Nurse Clive and old Jack are just back from the cinema! My hopes were high, the sheer joy of dodging the rancid crumblies (specifically the Brexiteers from the nut job wing) was teetering on vibrant – oh, the glory of it. We hit the road and nestled into the fat-arsed seats at the new Showcase on the hill. Darkest Hour ahoy…
I had two hotdogs and a slushy in honour of Winston Churchill. Oh yes. For this film is all about Britain’s scariest month in WW2 – May 1940 – when the entire army was backed onto a beach in Dunkirk; Poland, Norway and the rest were falling to Hitler’s mania; Belgium was teetering – and all we had was Neville Chamberlain, a vote of no confidence, and a film noir parliament. And then Churchill – the great gourmand and Black Dog depressive – gifted the Prime Ministerial seat by a doubting King and coalition who could only stand Winston as their leader. Go win the war, please. Don’t bugger it up.
Days were indeed bleak. And a tad too old-man masculine for my tastes. Old Jack has always preferred the female half of the species and nary given a thought to all those strutting young boy-actors of the 1960s. Well, if you’ve wondered what happened to them, Darkest Hour has yanked them out of retirement, brushed off the bark and squeezed them into suits and mighty moustaches. Spot the crumbling-lovey is half the fun of this film: come at me with Jeremy Child and I shall smite you with the wonderful Benjamin Whitrow in his final cameo.
Of course, we’re in the modern world, so Kristin Scott-Thomas gets to do a sharp-set turn as Clementine Churchill (she is funny and much-needed and is a film in the waiting) whilst Lily James is Elizabeth Layton, secretary and chief emoter to the Prime Minister. She is also much-needed but so damned nice to be with that she resonates through the growly-men scenes.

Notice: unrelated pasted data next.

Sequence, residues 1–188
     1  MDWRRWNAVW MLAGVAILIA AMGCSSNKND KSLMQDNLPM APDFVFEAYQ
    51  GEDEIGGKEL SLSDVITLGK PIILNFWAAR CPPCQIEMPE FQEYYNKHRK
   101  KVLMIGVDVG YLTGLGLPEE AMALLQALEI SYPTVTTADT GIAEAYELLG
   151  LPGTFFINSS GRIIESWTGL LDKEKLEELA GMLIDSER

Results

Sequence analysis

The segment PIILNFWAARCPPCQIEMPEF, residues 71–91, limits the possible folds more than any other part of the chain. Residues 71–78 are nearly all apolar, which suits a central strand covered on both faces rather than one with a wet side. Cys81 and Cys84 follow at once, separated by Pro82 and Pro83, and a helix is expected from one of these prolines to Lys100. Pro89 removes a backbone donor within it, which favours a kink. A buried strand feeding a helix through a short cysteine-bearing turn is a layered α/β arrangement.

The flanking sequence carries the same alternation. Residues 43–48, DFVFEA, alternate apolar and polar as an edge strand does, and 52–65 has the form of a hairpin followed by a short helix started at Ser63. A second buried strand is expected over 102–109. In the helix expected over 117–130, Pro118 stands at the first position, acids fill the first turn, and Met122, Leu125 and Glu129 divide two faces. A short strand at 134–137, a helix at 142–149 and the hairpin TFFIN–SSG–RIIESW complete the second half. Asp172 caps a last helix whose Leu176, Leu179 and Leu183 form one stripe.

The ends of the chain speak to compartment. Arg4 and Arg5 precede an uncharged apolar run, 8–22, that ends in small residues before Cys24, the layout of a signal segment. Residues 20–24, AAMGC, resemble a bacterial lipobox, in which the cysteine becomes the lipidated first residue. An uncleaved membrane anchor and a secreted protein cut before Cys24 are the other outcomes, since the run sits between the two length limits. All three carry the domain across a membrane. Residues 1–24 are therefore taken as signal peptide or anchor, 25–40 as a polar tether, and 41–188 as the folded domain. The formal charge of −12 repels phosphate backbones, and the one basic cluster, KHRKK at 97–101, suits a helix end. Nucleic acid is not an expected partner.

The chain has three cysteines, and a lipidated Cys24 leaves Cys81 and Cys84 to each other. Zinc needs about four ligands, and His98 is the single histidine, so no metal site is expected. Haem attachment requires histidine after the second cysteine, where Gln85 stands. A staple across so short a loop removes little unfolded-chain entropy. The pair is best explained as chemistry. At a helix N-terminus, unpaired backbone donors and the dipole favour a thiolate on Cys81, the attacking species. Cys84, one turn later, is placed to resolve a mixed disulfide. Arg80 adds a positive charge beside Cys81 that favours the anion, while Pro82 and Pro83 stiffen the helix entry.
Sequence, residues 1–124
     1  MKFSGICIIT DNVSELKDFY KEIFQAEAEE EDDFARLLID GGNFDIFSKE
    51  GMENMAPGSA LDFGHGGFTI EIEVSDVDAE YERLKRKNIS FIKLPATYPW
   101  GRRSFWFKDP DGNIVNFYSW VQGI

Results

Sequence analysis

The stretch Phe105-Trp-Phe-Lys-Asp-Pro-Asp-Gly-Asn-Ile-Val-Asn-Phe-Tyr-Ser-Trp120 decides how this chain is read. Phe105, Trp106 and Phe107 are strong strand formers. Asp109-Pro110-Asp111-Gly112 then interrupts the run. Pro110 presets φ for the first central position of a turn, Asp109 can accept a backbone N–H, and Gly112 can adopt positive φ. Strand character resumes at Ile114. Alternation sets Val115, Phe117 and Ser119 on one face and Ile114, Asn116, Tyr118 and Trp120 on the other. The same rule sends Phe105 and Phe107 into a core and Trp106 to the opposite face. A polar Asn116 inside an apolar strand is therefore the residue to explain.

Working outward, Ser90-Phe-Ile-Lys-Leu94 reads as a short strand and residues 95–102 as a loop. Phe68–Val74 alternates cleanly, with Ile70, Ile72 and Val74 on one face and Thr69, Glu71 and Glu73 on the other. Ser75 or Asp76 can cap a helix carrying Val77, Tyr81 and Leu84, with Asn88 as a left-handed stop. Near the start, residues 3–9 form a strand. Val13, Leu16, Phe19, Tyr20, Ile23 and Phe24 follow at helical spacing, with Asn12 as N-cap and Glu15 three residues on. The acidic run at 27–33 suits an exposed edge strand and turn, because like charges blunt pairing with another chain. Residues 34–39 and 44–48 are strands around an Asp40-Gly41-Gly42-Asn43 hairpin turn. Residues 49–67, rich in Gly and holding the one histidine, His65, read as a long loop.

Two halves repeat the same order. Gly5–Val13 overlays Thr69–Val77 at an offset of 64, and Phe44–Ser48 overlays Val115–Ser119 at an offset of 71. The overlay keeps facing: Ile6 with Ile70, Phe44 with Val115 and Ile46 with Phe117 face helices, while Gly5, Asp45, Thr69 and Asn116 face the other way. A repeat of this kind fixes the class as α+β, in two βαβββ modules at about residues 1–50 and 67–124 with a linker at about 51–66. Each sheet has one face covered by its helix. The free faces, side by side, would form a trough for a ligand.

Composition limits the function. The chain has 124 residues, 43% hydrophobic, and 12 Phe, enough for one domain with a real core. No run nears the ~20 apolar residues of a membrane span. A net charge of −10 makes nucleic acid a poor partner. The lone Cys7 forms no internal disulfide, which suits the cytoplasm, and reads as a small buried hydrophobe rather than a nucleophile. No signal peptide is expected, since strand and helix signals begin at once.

And there are many growly-men moments – all dominated by Gary Oldman and his fat suit’s fantastic performance as the main man. He slugs from duty, to petulance, to bleak doubt and back to rabble-rousing verbal heroics. And it is entrancing. The likeness is closer to Robert-Hardy-as-Churchill than the man himself, but he convinces from the silk-robed off, burbling through clouds of cigar smoke and senior years. Old Jack felt for him, shining through the dark whilst slowed by the treacle of his wrecked, gourmanded-out body. And – as the script tweely points out when the Black Dog gets him: he carries the weight of the world. Oldman shows us something the newsreels never knew.
There are ghastly moments, mind. The glorious Ronald Pickup (a dying Chamberlain) and workmanlike Stephen Dillane (a chinless Halifax) snipe weasily at Churchill’s certainty, almost as though hindsight were painting them simply… Winston charges off to the Tube to spend a ten minute scene (on a one minute journey, fact fans…) with the goodly, simple folk of this Island. They re-energise him with their faith, hope and determination. Really. It’s uplifting but utterly, exhaustingly manipulative. Give up? Never!
And then you twig where the film has decided to stop. It goes from anti-Churchill sniping to he’s-a-mad-warmonger snarking, to the Tube twist, to a speech we all don’t quite know by heart. And then – brilliantly – gives us spoilers in footnote form as the fag-smog floats out of mind. I won’t share the spoilers in case you don’t know how the war turned out.
If you can get out of your home and want to watch a monumentally effective star vehicle and a nearly-history of how real and terrifying that war was to our world, get thee to a cinema. It’s cartoonish in places, but this story means everything. And – oh yes – it is a tale of old men and their old battles winning a modern war.
Nurse Clive and I pootled back to the home in a good mood. For all the silliness, we felt decidedly more British than we had on the way out. We came in past the Brexiteers on the nut job wing and, you know, thinking about the Darkest Hour and their dreams for an independent Britain away from the machinations of Europe…
…nah, they’re still a bunch of dicks.